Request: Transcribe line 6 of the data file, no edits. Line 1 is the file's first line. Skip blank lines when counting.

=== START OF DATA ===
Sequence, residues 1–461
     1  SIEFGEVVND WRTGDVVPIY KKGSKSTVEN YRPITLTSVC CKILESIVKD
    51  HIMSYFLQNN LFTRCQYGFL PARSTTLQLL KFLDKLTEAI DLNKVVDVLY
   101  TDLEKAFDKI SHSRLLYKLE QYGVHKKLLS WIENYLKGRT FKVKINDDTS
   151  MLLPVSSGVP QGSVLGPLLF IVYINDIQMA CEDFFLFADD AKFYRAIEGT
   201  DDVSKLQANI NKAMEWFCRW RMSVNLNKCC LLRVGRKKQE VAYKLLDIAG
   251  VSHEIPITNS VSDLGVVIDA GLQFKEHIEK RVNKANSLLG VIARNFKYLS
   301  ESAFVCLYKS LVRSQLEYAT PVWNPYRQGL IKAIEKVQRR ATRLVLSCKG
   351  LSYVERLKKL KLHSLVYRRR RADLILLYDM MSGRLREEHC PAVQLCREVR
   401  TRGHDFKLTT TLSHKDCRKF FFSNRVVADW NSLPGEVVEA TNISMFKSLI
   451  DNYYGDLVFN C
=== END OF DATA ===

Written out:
   201  DDVSKLQANI NKAMEWFCRW RMSVNLNKCC LLRVGRKKQE VAYKLLDIAG